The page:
Former White House aide I. Lewis "Scooter" Libby says that during the investigation into the leak of a CIA agent's identity he was preoccupied with terrorist threats, Iraq's new government and emerging nuclear programs in Iran, Pakistan and North Korea.

Court records released Friday offered the first glimpse at the type of classified information Libby wants to share with jurors at his upcoming perjury and obstruction trial.

Libby, the former top aide to Vice President Dick Cheney, is accused of lying to investigators and a grand jury about his conversations with journalists regarding former CIA operative Valerie Plame.

Libby plans to testify that he had other, more weighty issues on his mind and simply misspoke or forgot when interviewed by the FBI and the grand jury.

Among those issues were the 2003 rise of Palestinian Prime Minister Mahmoud Abbas, a diplomatic crisis in Turkey, the ousting of Liberian President Charles Taylor and the role of the Iraqi military after the fall of Saddam Hussein.

U.S. District Judge Reggie Walton ruled last month that Libby must have access to some classified information at trial but, until Friday, the topics were sealed.

A redacted copy of Walton's opinion revealed that Libby wants to use 129 classified documents. Walton said Libby could discuss documents that fell on or near key dates in the case, such as when the aide spoke to reporters and investigators.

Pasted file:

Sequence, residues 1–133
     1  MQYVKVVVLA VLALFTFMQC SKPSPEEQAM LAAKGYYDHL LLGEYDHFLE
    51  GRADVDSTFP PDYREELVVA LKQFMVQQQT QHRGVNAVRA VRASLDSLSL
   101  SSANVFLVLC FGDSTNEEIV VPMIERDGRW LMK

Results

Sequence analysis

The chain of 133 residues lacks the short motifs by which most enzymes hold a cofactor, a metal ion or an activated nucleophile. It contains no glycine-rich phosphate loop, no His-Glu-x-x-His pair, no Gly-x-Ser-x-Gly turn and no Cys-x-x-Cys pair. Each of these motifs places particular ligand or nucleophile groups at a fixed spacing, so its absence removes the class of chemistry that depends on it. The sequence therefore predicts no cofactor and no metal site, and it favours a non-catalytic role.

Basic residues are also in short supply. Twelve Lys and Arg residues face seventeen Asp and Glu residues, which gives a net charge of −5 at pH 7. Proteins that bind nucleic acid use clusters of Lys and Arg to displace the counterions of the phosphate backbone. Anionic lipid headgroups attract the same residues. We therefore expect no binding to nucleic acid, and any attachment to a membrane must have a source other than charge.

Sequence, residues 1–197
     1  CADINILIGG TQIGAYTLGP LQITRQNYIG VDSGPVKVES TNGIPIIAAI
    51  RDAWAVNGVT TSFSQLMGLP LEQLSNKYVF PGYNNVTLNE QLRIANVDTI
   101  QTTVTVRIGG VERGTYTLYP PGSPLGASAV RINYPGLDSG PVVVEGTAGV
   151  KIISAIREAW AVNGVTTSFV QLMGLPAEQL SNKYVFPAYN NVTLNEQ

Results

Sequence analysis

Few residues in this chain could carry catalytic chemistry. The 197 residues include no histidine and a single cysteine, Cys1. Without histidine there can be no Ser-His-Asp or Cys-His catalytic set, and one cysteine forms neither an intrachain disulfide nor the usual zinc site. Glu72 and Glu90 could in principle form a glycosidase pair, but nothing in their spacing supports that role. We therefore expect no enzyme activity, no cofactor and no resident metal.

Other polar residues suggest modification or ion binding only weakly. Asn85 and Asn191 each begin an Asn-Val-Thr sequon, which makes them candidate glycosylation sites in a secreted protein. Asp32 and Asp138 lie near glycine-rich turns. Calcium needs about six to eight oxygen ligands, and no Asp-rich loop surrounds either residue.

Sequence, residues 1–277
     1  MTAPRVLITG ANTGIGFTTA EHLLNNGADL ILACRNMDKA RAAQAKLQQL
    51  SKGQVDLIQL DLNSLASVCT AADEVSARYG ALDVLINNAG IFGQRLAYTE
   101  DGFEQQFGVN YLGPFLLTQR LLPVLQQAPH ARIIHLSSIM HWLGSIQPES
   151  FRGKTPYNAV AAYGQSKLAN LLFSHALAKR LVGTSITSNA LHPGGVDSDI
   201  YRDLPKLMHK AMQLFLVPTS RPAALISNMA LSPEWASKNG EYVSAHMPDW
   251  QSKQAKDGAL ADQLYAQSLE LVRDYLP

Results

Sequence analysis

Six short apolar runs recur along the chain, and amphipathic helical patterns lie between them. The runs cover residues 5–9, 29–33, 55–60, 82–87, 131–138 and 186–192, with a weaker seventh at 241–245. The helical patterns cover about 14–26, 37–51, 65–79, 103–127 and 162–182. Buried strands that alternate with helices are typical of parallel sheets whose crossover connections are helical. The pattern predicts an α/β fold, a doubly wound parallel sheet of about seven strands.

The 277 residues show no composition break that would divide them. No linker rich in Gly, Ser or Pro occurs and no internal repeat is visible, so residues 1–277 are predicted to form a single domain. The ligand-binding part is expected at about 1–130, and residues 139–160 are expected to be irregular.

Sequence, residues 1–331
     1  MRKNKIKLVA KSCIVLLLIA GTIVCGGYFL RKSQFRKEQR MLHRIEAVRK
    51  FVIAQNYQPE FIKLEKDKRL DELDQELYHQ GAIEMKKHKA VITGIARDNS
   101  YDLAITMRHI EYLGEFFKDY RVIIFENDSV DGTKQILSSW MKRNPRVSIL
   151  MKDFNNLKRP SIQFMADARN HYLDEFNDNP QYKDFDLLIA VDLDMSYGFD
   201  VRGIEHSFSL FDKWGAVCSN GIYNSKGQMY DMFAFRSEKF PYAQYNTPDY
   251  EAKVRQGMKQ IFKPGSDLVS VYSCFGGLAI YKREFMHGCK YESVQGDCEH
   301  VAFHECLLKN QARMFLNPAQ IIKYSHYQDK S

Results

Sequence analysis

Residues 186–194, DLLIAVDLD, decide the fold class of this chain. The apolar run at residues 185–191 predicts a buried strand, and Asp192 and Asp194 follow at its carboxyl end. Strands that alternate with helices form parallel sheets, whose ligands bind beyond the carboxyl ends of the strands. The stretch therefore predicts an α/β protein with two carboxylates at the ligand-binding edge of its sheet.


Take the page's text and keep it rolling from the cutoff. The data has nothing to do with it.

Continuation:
Exactly what Libby may say about these topics is unclear. Prosecutors and defense attorneys continued to argue those issues behind closed doors this week.

Walton said he tried to balance national security concerns with Libby's right to a fair trial. The judge stressed that pre-approving classified evidence "requires a court to play the role of Johnny Carson's character Carnac the Magnificent by requiring it to render rulings before knowing the exact context of how those rulings will coincide with other evidence that has actually been developed at trial."

Special Prosecutor Patrick Fitzgerald has said he may appeal Walton's ruling, a move that could delay a trial scheduled to begin next month.